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The Globe and Mail

Unemployment, grim public housing fueling riots in Stockholm

Fredrik Sandberg/Associated Press

When it comes to prolonged and virulent rioting, one thinks of countries steeped in debt and dissent such as Spain or Greece. But Sweden? That progressive idyll associated with high taxes, generous socialism and almost boring, Volvo-like stability?

Facing a sixth night of mayhem, with disturbances spreading to 23 suburbs, police reinforcements poured into the capital from provincial districts on Friday as Stockholm sought to put an end to a week of disturbance, the worst to hit Sweden for years. Youths have been setting cars ablaze and pitching stones at police. On Thursday night, around 30 cars were set on fire in poorer neighbourhoods in northwestern and southwestern parts of Stockholm and rioters caused widespread damage to property, including schools.

The recent violence appears to have been sparked by the fatal police shooting of a 69-year-old in the Stockholm suburb of Husby – the centre of the rioting. The man, who lived in an area where 80 per cent of the residents are immigrants, was wielding a machete and alleged to be threatening police.

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He was believed to be Portuguese, and local residents are accusing the police of ethnic discrimination.

Here are five reasons that fuel the anger:

Unemployment

The rate for those born in Sweden stands at 5.7 per cent, but for immigrants who come from outside the European Union, it's 16.5 per cent. That's not exactly hitting the Spanish heights of 27.2 per cent, but still represents a wide gap. Youth unemployment is especially high in immigrant neighbourhoods like the ones where the riots have taken place. One recent government study showed that up to a third of young people aged 16 to 29 in some of the most deprived areas of Sweden's big cities neither study nor have a job.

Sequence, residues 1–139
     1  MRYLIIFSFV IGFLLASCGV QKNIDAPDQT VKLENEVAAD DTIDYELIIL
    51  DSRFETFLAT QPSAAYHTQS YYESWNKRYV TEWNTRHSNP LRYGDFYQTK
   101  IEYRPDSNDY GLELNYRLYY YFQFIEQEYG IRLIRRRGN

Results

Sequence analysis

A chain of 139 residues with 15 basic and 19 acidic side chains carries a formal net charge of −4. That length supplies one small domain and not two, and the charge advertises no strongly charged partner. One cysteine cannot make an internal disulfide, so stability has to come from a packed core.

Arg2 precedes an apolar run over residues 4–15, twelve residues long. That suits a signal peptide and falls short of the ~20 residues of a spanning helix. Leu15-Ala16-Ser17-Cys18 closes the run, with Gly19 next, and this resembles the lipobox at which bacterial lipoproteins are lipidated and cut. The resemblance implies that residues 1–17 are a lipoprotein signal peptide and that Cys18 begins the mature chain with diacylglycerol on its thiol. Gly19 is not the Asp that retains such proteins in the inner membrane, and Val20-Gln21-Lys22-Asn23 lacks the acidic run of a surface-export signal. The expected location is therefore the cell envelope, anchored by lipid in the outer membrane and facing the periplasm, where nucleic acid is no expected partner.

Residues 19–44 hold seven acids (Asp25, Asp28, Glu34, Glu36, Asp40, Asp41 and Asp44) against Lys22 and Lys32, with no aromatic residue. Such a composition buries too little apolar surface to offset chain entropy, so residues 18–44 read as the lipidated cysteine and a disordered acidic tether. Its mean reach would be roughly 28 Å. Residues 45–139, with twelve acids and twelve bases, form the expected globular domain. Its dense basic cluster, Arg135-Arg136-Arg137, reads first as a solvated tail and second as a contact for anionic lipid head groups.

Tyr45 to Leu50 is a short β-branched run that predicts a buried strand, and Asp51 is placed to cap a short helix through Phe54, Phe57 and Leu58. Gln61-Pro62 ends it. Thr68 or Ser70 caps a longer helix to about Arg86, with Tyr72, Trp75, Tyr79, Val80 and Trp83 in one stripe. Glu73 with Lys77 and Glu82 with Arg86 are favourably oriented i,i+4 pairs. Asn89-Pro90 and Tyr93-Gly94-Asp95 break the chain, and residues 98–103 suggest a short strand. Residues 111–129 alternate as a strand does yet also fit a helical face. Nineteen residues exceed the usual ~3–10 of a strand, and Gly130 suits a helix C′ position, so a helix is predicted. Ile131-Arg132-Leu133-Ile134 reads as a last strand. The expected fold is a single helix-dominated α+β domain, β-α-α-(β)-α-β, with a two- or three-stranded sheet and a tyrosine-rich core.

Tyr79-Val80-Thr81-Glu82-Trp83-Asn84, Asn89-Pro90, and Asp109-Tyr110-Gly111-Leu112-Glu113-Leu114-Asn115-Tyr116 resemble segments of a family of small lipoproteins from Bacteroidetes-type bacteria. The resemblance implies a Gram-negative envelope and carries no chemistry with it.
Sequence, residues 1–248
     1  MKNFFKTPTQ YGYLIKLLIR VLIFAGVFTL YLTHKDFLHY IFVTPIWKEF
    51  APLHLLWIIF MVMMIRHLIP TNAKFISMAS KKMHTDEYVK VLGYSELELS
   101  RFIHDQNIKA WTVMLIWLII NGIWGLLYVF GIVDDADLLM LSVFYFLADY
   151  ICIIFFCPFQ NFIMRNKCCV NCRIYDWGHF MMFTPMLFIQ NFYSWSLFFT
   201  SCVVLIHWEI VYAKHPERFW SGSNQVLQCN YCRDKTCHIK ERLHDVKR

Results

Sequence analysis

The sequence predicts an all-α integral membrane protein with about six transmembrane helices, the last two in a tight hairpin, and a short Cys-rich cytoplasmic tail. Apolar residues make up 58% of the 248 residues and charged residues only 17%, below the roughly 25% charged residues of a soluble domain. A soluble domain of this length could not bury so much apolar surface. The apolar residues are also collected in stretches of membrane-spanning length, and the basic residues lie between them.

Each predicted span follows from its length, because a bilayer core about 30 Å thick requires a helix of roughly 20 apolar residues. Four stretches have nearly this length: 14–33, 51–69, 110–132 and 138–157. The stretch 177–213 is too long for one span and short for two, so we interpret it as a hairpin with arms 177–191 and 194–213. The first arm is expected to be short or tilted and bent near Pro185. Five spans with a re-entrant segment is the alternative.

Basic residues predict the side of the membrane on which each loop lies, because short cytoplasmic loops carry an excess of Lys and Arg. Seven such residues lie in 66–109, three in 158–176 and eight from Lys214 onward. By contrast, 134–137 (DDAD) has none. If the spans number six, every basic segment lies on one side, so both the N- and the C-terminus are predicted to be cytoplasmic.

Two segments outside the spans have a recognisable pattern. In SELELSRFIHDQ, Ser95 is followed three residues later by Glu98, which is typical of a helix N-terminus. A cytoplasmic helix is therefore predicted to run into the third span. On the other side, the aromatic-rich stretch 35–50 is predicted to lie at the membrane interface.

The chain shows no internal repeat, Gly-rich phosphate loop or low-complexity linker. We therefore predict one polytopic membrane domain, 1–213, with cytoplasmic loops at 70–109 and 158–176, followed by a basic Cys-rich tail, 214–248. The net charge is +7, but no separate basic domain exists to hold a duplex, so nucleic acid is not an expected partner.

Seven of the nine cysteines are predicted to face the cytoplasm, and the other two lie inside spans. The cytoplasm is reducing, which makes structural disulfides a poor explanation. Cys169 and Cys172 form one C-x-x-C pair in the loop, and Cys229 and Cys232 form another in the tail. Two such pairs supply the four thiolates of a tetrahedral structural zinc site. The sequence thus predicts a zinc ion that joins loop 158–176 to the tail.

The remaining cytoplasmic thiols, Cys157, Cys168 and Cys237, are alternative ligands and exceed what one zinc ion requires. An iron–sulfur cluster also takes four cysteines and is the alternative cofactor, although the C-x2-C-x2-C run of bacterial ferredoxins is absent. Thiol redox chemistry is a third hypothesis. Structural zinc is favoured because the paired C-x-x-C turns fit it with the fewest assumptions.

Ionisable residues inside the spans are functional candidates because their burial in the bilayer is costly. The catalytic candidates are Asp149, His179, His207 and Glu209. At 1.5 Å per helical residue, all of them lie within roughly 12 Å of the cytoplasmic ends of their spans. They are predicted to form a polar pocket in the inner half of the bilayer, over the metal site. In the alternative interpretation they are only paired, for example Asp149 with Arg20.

Income gap

Though absolute poverty remains uncommon, the gap between rich and poor in Sweden is growing faster than in any other major nation, according to the Organization for Economic Co-operation and Development.

Slowing economy

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Having registered growth of 6.1 per cent and 3.9 per cent in 2010 and 2011, respectively, the Swedish economy slowed to just 0.8 per cent last year, largely as a result of faltering exports to the euro zone. Seven years of centre-right rule, meanwhile, have chipped away at benefits.

Geographical separation

Anger also comes from being told you don't belong. Sweden is still generous to its immigrants. But, as with Paris and its banlieues, Stockholm has pushed its immigrants out to its ugliest suburbs. To get to the city, where the money is, you have to take a bus, then a train. Even if Sweden didn't mean to isolate its immigrants in hideous towers, their location still sends a signal: You can live here, but you don't get to belong.

Grim public housing

Many of the riots have occurred in cramped neighbourhoods with tall, run-down housing blocks, part of Sweden's "million homes" project in the 1960s and 1970s. Long since abandoned by almost all of their original inhabitants, they are often the only source of housing for migrants and asylum-seekers from war-torn nations.

Staff, with reports from wires

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